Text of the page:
For many years now, ground-fault circuit interrupter (GFCI) outlets have been a common site in bathrooms, kitchens, exterior receptacles and other areas where electricity might mix with water or other hazards to create potentially dangerous conditions. Now, you can take that protection with you while you work, in the form of portable GFCI cords and outlets. In fact, if you are a contractor, GFCI protection is an OSHA-required safety feature on every size and type of job site.
All of today’s electrical systems have a grounding system, designed to carry excess electricity safely to the ground to protect the people using the system. Should that ground system somehow fail, however, ground-fault circuit interrupters are the backup system. GFCIs continually measure and compare the amount of electrical current going to and returning from a piece of electrical equipment. Should the GFCI sense a difference between those two currents of anything in excess of approximately 5 milliamperes — a very tiny amount of electricity — it will interrupt the circuit to protect the user.
On construction sites where permanent electricity has not yet been installed or activated, temporary electrical services and portable generators are equipped with GFCI outlets for the protection of workers using 110-volt power tools, extension cords and other electrical devices. For professional contractors, tradespeople, or do-it-yourselfers who want or need that same level of electrical protection on 110-volt circuits being used for home improvement or home maintenance projects of any size, any of the portable GFCI components now on the market make it simple.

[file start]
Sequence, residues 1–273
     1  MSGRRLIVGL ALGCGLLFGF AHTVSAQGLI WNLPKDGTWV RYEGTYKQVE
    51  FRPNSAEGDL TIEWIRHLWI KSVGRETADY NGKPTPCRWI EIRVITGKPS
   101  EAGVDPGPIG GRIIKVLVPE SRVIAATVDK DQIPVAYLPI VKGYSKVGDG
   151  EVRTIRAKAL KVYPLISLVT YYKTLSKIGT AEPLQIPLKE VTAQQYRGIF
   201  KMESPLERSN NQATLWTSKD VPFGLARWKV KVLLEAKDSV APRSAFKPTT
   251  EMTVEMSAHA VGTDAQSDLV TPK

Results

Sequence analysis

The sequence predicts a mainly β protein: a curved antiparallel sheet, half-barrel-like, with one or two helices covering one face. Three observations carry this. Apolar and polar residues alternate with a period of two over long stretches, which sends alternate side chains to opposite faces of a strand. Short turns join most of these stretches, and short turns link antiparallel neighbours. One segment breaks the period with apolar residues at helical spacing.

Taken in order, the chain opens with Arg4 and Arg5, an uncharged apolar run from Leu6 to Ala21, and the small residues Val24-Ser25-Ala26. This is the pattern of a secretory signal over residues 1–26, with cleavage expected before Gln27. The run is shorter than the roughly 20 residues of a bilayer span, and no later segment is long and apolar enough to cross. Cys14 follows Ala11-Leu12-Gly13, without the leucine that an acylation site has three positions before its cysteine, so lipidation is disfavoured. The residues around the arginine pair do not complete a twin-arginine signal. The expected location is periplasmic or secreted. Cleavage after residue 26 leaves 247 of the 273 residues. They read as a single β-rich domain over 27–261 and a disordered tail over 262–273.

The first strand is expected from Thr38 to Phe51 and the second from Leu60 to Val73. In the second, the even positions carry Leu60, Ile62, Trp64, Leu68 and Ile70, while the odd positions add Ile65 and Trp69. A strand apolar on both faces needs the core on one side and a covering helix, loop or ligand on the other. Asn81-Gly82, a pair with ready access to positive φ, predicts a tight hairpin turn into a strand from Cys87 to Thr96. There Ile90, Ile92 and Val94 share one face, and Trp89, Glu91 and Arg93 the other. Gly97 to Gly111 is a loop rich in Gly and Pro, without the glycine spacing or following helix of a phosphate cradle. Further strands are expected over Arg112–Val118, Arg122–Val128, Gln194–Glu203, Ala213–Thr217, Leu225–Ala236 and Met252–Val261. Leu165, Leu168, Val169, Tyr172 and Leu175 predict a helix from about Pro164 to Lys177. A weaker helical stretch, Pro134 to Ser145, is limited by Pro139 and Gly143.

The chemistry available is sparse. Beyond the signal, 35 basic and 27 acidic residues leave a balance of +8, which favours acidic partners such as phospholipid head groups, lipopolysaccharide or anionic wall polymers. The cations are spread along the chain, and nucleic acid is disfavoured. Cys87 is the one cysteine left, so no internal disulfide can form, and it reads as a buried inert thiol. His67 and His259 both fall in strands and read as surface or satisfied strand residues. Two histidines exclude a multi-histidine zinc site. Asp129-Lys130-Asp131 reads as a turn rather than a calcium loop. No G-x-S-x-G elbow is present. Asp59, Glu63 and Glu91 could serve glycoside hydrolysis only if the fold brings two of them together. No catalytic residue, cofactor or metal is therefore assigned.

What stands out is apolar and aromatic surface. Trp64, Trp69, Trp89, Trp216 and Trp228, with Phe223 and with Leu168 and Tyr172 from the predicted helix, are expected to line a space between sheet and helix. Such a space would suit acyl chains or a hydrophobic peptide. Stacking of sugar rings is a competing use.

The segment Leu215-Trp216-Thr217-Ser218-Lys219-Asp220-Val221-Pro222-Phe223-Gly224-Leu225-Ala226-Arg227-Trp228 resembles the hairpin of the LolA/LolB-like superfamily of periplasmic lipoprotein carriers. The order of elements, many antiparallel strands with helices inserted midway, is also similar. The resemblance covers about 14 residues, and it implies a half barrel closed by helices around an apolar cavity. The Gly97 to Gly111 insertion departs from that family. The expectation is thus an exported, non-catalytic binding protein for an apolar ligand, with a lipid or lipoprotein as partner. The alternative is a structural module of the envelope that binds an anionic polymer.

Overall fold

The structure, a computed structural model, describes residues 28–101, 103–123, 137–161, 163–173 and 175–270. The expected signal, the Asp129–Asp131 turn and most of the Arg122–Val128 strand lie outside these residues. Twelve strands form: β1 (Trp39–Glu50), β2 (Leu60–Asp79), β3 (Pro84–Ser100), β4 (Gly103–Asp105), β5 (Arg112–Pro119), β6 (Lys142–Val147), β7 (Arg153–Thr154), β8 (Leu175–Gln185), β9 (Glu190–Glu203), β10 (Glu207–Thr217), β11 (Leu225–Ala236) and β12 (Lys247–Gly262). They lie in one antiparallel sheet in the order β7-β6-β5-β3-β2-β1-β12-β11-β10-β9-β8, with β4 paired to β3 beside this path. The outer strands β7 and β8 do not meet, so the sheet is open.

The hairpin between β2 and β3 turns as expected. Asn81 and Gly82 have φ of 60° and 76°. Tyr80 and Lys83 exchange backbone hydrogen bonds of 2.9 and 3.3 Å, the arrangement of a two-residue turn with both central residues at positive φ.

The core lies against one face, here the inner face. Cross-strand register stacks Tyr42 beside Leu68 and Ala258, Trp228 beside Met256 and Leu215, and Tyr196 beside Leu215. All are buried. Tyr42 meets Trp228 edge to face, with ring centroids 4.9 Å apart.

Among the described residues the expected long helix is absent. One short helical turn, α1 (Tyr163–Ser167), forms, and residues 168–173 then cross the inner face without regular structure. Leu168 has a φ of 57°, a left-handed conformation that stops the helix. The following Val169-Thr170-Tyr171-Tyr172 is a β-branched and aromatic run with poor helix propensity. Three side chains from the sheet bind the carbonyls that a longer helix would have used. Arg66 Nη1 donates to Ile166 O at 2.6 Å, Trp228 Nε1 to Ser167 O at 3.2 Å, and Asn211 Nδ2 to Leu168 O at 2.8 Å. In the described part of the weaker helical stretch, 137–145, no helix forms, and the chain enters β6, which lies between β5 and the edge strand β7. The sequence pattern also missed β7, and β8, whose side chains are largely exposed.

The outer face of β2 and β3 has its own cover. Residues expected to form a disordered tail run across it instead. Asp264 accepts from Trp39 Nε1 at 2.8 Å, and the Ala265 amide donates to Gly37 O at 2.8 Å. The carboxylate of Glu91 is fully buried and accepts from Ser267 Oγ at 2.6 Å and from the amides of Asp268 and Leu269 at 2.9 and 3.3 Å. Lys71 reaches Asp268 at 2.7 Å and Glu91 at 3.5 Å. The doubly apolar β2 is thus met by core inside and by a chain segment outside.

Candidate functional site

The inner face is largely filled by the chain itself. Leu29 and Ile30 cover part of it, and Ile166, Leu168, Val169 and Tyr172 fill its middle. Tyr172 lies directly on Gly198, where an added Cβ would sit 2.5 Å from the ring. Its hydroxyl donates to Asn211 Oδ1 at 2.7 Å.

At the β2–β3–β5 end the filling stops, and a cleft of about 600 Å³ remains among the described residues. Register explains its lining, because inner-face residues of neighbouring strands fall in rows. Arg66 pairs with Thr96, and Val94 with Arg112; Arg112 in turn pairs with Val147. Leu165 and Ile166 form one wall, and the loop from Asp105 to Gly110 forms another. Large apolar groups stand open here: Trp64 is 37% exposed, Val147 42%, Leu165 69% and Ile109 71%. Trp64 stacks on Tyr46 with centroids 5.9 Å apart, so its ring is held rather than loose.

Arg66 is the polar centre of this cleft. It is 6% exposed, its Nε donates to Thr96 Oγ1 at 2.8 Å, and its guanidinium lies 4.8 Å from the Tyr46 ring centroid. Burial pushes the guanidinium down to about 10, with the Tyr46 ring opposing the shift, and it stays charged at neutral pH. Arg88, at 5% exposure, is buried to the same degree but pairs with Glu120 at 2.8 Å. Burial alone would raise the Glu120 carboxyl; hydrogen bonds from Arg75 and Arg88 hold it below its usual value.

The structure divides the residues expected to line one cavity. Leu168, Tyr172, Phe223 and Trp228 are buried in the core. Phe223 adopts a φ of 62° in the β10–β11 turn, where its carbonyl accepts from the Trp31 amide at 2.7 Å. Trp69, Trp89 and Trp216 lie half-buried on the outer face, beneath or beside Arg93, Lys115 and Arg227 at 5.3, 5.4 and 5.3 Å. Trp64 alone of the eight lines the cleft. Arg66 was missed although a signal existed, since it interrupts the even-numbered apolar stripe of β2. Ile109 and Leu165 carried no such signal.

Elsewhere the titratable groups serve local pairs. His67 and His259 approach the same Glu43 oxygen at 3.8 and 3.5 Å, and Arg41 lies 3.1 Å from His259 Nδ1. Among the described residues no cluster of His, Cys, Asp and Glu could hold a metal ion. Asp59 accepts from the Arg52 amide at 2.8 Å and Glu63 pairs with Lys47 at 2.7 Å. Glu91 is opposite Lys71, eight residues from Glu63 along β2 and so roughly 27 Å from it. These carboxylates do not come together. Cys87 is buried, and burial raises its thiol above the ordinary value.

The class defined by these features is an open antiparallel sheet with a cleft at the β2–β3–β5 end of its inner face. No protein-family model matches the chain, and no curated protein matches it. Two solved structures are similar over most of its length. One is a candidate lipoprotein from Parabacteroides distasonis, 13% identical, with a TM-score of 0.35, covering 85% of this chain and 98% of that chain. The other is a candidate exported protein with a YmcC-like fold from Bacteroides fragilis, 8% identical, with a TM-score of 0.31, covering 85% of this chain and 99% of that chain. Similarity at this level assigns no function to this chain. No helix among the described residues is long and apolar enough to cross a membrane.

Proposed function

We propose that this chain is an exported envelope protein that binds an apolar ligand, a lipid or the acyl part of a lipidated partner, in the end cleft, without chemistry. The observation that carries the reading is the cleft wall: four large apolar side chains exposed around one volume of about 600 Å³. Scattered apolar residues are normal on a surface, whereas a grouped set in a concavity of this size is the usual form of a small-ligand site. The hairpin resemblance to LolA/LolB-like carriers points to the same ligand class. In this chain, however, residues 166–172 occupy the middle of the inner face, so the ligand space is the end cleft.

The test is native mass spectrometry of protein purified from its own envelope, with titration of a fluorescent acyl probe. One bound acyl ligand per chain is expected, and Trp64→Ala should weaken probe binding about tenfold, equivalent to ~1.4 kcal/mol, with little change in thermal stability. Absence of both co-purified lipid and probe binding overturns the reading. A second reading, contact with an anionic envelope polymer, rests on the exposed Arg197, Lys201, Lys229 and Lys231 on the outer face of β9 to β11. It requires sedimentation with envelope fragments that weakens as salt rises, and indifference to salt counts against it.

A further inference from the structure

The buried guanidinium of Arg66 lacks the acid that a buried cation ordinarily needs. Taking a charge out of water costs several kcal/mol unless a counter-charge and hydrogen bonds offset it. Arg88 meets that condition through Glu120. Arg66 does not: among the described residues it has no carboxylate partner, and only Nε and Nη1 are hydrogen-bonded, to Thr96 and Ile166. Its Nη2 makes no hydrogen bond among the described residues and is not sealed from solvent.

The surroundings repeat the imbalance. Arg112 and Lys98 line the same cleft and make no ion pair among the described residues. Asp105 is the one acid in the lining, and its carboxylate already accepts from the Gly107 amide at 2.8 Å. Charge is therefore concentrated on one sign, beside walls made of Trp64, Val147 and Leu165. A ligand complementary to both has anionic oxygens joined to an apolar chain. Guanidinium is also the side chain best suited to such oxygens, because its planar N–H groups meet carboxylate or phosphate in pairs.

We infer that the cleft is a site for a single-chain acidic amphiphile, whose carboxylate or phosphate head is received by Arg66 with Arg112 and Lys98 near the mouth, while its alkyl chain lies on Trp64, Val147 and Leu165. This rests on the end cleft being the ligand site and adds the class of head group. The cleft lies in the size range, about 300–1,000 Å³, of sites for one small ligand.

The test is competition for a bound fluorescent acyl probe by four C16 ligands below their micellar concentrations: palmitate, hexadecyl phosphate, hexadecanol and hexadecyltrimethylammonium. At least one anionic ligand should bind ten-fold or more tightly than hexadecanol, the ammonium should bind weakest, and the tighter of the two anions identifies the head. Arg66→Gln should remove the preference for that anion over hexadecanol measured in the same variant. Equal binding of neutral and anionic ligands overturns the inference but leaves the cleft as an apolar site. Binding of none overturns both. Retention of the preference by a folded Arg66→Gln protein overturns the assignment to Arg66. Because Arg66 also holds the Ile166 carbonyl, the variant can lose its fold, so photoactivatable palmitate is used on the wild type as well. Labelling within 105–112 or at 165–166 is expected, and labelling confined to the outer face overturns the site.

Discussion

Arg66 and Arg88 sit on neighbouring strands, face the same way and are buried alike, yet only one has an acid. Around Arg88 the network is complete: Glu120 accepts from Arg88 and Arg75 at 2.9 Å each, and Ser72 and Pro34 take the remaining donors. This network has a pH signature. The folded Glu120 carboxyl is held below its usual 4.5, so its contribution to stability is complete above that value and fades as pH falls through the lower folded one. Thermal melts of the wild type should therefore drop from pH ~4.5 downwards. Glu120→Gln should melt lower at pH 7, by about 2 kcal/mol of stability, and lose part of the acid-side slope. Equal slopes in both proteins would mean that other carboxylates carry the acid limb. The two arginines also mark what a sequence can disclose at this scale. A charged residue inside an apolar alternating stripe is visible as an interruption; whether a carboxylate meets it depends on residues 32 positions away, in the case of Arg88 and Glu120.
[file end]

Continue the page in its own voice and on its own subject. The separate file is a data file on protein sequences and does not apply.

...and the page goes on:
Portable GFCIs typically take one of two forms: outlets and cords. Portable GFCI outlets consist of a rugged, metal or high-impact plastic box that contains one or more GFCI-protected receptacles and a short, grounded cord. The box is hung on the wall, and the cord plugs into an adjacent standard, non-GFCI-equipped outlet. Most types have a hinged, spring-loaded cover to protect the receptacles when not in use, and are listed as “weather-resistant.” If the outlet will be directly exposed to rain, it must be listed as “waterproof.”
Another common type of portable GFCI outlet does not have a cord. Instead, it plugs directly into a standard, nonprotected outlet and provides a single, protected outlet. Most GFCIs of this type are intended for use in protected, interior environments. Portable GFCI outlets of either type are typically available with 14-gauge wire, for use with 15-amp circuits.
GFCI cords can provide a quick and easy way to provide protection to three tools or other devices at the same time. Looking like a short extension cord, one end has a standard male three-prong receptacle that plugs directly into any standard outlet, and the other end has a power block with three standard female outlets. In between the two ends is a sealed box containing the GFCI circuitry, which provides protection to the three outlets. Both 14-gauge and 12-gauge wiring is commonly available with cords of this type — the 12-gauge allows use on 20-amp circuits.
GFCI outlets of any type — including the ones permanently wired inside your home — have some very complex internal circuitry. For that reason, they need to be tested regularly to ensure that they are working correctly.
Every GFCI comes equipped with two small buttons, marked “test” and “reset.” Pressing the test button will trigger an artificial ground fault in the circuit, popping out the reset button and immediately shutting off the flow of electricity to that outlet and any other outlet or device that is downstream of it. Simply press the reset button to restore the flow.
Permanently wired GFCI outlets should be tested monthly, and portable ones should be tested immediately prior to each use.
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